Seventeenth-century treatises on cacao such as those featured here were published as medical literature or botanicals, and are now catalogued among the rare books of pharmaceutical libraries. Chocolate was consistently sold as a drug for more than two centuries of its European circulation, though it could be had early on in taverns and was eventually part of the barista's arsenal and the café menu. If it had multiple identities that is partially because through chocolate's socialization as a curative drink, it turned into a social habit. As we have seen, by the mid-eighteenth century, chocolate found itself depicted in painting and its history woven into fiction. The number and renown of treatises about cacao make it easy to see how the mercantile and medical establishments popularized the chocolate drink. But alongside those official discourses, another unofficial channel recommended chocolate for home use. Some of the earliest cameo appearances of the drink can be found in seventeenth-century cookbooks.
Compiled by women and passed from mother to daughter, family cookbooks represent a confluence of social and domestic wisdom. The Wellcome Library has an impressive 300-volume collection, much of it digitized. These hand-written manuscripts contain an astounding variety of helpful recipes. Their topics range from home-made necessities like first-aid salves and tonics, to recipes for all sorts of animal and plant comestibles; and from the commonplace (a concoction of mutton fat for burning or scalding, Lady Ayscough, 1692) to the extraordinary (drinking urine boiled with a mouse to cure bed-wetting, Grace Acton, 1621). In cases where women could write or had secretaries, families could keep the memory of their experiments in the kitchen alive and school the next generation in the hard-earned wisdom of trial and error.
As a written record, cookbooks constitute a kind of unique inheritance women created and protected for their families. Some, such as the Johnson Family cookbook (1694-1831), span centuries and showcase a personal history of taste. While a recipe may have circulated widely, each family could tweak it to create a signature version of the dish or pomade and keep the secret ingredient in the family. What’s more, recipe books provide evidence that women toiled and tested to make sure that their families had safe, effective recipes for home cures and fashionable cuisine.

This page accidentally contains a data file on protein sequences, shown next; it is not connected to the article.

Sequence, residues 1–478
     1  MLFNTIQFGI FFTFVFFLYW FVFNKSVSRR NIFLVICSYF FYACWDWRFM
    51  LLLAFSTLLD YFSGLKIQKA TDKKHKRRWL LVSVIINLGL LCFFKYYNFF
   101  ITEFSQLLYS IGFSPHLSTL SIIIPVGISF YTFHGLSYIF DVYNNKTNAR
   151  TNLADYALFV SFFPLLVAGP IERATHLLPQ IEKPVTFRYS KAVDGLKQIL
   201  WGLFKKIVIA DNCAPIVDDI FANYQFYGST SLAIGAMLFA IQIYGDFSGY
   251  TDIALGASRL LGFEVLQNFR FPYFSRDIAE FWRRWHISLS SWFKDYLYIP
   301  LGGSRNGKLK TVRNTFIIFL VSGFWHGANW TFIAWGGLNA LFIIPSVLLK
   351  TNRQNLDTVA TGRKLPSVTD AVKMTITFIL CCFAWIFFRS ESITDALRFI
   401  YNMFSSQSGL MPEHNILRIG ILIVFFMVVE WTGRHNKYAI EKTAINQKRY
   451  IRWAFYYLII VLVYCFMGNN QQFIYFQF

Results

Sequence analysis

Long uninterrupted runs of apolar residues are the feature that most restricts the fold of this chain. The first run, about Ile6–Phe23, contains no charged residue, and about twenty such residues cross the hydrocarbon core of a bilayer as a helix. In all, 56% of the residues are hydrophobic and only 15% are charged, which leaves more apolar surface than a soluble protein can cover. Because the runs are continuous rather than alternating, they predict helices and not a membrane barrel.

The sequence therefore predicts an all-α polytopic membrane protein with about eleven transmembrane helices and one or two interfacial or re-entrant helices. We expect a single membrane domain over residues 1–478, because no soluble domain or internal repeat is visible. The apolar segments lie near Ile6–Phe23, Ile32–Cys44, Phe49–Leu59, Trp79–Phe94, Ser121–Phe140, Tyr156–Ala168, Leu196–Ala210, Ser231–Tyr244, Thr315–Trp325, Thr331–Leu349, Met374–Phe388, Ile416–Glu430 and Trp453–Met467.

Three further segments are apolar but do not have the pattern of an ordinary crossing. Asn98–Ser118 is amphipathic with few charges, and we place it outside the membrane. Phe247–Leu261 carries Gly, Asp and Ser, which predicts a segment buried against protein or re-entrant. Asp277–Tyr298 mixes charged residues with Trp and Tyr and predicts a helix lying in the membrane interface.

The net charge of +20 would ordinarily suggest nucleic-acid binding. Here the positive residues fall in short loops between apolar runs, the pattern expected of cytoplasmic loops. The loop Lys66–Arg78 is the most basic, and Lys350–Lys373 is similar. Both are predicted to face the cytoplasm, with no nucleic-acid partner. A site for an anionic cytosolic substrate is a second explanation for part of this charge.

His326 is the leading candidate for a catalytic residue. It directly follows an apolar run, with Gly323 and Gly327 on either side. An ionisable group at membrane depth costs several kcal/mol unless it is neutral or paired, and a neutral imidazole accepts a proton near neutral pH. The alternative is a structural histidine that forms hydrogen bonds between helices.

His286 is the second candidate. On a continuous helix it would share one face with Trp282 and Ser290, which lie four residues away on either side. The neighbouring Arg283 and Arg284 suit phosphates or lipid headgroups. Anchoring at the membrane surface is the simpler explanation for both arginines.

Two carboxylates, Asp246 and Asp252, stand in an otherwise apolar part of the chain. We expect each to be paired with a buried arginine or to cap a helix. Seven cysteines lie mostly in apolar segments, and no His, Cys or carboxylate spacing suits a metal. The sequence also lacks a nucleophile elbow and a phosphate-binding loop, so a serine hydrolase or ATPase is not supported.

The recipe book often highlighted in histories of cacao belongs to Lady Ann Fanshawe (1625-1680). Early entries begin in 1651 and, according to notations in the text, were written by herself or by Joseph Averie (perhaps a secretary or scribe), and include recipes attributed to her mother Margaret. She passed the book on to her daughter in 1678, two years before she died. Her daughter and others continued to add recipes until 1707. In Madrid, 10 August 1665, Lady Ann entered a recipe for "chocolatte" into the family recipe book for food and drugs. It appears far into the book on page 332 and is listed as #23, perhaps the 23rd recipe she discovered in Spain, where she traveled with her husband Sir Richard Fanshawe, ambassador to Spain under Charles II after the Restoration.
While the reader might expect that this diary of chocolate consumption is prized for its recipe, it is instead famous for Fanshawe's legibly negative reaction to the drink. She left evidence of extreme displeasure with the recipe by crossing the half-page entry out with swirls so dense it is not readable. While it was common for cookbooks to feature recipes with “X”’s through them (see head image, page facing the chocolate recipe), they did not necessarily signal disapproval. Oftentimes, a recipe book would be copied into another book, in which case crossing out was a sign that a recipe had already been transferred (Leong). But Fanshawe’s aggressive swirls over the directions "to dresse chocolatte" leave little doubt that this recipe from Madrid did not merit a repeat performance.
A final explanation under the recipe on p. 333, which is not overwritten, but is nonetheless difficult to decipher, may provide evidence that it was not chocolate but the Madrid particular preparation that displeased. It appears to say,
The best Chocolatte / but[ter] of the Indies,
made in Seville in Spaine
Unfortunately, the Sevillian recipe was never written into the book, but the dud chocolate that prompted this note also gave history a bonus. Luckily for posterity, a small scrap on paper on which Fanshawe illustrated a chocolate pot and molinillo was sewn in on top of the recipe, perhaps after it was rejected, and thus escaped censure.
The sketches, labeled "the same chocolaty pottes that are mayd in the Indis," provide the first visual record of the utensils imported to Europe from New Spain to prepare and serve chocolate. Her apparent fascination with the crockery suggests that chocolate was a novelty to her when she voyaged to Iberia and that, though she did not like Madrid's version of it, she thought it curious enough to record the exotic pot in which it was made and served.
Still, no matter what its curiosity and curative properties, the Madrid recipe did not make it back to England with Lady Ann Fanshawe's family and her book. Once back in the British Isles, had she found Stubbe’s Indian Nectar, she would have understood why her Protestant Saxon taste buds did not enjoy the Catholic preparation, but might have tolerated it mixed with milk and an egg. A compilation of recipes by Hannah Woolley suggested as much as early as 1662 (in next week's blog).
For Further Reading
Leong, Elaine. "‘Crost by mistake’: Scribbling in early modern recipe books." The Recipes Project. 11 Sept. 2012.
Wall, Wendy. Recipes for Thought: Knowledge and Taste in the Early Modern English Kitchen. Philadelphia: University of Pennsylvania Press, 2015.
Weisser, Oivia. "Ill Composed: Sickness, Writing, and Recipes in Early Modern England." The Recipes Project. 6 Dec. 2015.